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Faithlife

According to St Luke

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The gospel according to St. Luke has been called the loveliest book in the world.  

Luke was a gentile; and he has the unique distinction of being the only New Testament writer who was not a Jew. He was a doctor by profession (Colossians 4:14) and maybe that very fact gave him the wide sympathy he possessed. The book was written to a man called Theophilus.

The symbol of Luke is the calf. The calf is the animal for sacrifice; and Luke saw in Jesus the sacrifice for all the world. In Luke above all, the barriers are broken down and Jesus is for Jew and gentile, saint and sinner alike. For Luke Jesus is the saviour of the world.

An Historian’s Care

He claims that his work is the product of the most careful research. As the trusted companion of Paul he must have known all the great figures of the church, and we may be sure that he had them tell their stories to him. For two years he was Paul’s companion in imprisonment in Caesarea. In those long days he had every opportunity for study and research and he must have used them well.

An example of Luke’s care is the way in which he dates the emergence of John the Baptist. He does so by no fewer than six contemporary datings. “In the fifteenth year of the reign of Tiberius Caesar (1), Pontius Pilate being governor of Judaea (2), Herod being tetrarch of Galilee (3), and his brother Philip being tetrarch of the region of Ituraea and Trachonitis (4), and Lysanias tetrarch of Abilene (5) in the high priesthood of Annas and Caiaphas (6), the word of God came to John” (Luke 3:1, 2). Here is a man who is writing with care and who will be as accurate as it is possible for him to be.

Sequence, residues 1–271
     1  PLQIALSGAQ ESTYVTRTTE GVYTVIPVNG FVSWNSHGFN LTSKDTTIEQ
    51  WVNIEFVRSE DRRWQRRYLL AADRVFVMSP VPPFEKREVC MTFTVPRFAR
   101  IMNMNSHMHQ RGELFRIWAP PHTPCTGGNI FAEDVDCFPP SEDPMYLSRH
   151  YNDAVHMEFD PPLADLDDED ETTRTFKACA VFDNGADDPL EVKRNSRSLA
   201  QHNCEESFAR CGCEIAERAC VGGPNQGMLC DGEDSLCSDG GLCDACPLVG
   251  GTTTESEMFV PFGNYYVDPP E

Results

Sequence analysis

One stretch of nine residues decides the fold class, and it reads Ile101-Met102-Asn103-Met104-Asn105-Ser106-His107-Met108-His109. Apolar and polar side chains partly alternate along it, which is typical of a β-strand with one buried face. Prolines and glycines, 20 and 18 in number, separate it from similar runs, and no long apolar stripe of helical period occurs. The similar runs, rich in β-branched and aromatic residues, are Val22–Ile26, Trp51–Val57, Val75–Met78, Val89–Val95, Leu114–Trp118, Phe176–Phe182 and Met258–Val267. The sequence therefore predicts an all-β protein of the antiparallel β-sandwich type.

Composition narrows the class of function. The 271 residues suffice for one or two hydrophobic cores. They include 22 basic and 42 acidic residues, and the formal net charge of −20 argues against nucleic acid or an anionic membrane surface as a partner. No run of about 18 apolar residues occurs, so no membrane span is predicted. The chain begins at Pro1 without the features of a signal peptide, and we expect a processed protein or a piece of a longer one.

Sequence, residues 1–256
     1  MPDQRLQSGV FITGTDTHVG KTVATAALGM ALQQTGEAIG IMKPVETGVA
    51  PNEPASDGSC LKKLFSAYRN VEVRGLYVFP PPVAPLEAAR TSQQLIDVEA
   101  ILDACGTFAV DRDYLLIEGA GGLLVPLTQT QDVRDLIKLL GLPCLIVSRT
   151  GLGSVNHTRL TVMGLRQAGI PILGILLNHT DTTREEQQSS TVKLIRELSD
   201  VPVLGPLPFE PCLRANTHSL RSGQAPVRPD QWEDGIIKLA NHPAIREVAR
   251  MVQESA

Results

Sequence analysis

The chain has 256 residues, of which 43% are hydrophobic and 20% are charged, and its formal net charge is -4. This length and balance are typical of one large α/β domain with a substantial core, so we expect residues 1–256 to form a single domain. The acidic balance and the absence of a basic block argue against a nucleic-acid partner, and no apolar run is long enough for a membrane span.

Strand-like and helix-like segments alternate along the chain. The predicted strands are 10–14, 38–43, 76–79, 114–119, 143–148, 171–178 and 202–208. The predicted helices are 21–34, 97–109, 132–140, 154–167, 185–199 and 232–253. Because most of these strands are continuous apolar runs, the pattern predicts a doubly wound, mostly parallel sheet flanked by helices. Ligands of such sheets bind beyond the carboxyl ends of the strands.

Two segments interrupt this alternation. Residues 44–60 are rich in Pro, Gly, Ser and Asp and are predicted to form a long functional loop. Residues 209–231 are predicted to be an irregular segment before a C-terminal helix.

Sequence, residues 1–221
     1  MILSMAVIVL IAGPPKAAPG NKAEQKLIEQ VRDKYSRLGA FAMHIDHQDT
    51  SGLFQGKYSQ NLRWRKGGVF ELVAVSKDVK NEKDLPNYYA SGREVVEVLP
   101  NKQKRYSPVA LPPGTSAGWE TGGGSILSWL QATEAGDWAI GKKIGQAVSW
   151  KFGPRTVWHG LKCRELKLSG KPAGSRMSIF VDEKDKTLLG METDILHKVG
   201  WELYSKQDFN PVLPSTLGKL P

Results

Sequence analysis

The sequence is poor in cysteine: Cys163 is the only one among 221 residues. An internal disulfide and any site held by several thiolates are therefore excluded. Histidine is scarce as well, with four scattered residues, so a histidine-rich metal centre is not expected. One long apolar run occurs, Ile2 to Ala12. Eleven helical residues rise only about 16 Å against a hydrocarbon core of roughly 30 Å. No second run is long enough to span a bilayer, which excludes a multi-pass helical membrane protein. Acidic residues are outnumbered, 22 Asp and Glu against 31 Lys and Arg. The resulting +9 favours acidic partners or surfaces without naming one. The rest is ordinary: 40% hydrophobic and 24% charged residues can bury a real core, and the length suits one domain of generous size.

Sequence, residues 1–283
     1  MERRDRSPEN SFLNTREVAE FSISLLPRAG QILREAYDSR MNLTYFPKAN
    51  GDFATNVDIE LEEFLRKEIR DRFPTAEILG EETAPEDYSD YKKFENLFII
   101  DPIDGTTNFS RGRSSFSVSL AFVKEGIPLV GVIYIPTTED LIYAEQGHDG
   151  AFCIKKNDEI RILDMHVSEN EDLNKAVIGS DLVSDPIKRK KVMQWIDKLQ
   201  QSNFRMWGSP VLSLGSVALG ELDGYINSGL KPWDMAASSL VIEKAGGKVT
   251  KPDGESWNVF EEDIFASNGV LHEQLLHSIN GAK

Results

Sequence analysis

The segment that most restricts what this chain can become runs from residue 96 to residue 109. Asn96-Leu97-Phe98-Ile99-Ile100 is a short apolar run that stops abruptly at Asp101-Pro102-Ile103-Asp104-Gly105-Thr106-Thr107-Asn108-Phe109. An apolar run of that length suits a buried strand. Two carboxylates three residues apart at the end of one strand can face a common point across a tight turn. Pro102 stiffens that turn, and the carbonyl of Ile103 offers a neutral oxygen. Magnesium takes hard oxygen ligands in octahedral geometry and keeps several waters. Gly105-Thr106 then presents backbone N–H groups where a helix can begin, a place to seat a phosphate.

The Gospel of Prayer

Luke’s gospel is specially the gospel of prayer. Jesus prays at every moment of his life.

The Gospel of Women

In Palestine the place of women was low. In the Jewish morning prayer a man thanks God that he has not made him “a gentile, a slave or a woman.” But Luke gives a very special place to women. The birth narrative is told from Mary’s point of view. It is in Luke that we read of Elizabeth, of Anna, of the widow at Nain, of the woman who anointed Jesus’ feet in the house of Simon the Pharisee. It is Luke who makes vivid the pictures of Martha and Mary and of Mary Magdalene.

The Gospel of Women

In Palestine the place of women was low. In the Jewish morning prayer a man thanks God that he has not made him “a gentile, a slave or a woman.” But Luke gives a very special place to women. The birth narrative is told from Mary’s point of view. It is in Luke that we read of Elizabeth, of Anna, of the widow at Nain, of the woman who anointed Jesus’ feet in the house of Simon the Pharisee. It is Luke who makes vivid the pictures of Martha and Mary and of Mary Magdalene. It is very likely that Luke was a native of Macedonia where women held a more emancipated position than anywhere else; and that may have something to do with it.

The Gospel of Praise

In Luke the phrase praising God occurs oftener than in all the rest of the New Testament put together. This praise reaches its peak in the three great hymns that the church has sung throughout all her generationsthe Magnificat, the Benedictus the Nunc Dimittis .

 

The Universal Gospel

But the outstanding characteristic of Luke is that it is the universal gospel. All the barriers are down; The kingdom of heaven is open to the Samaritans, the Gentiles, the poor, outcasts and sinners.

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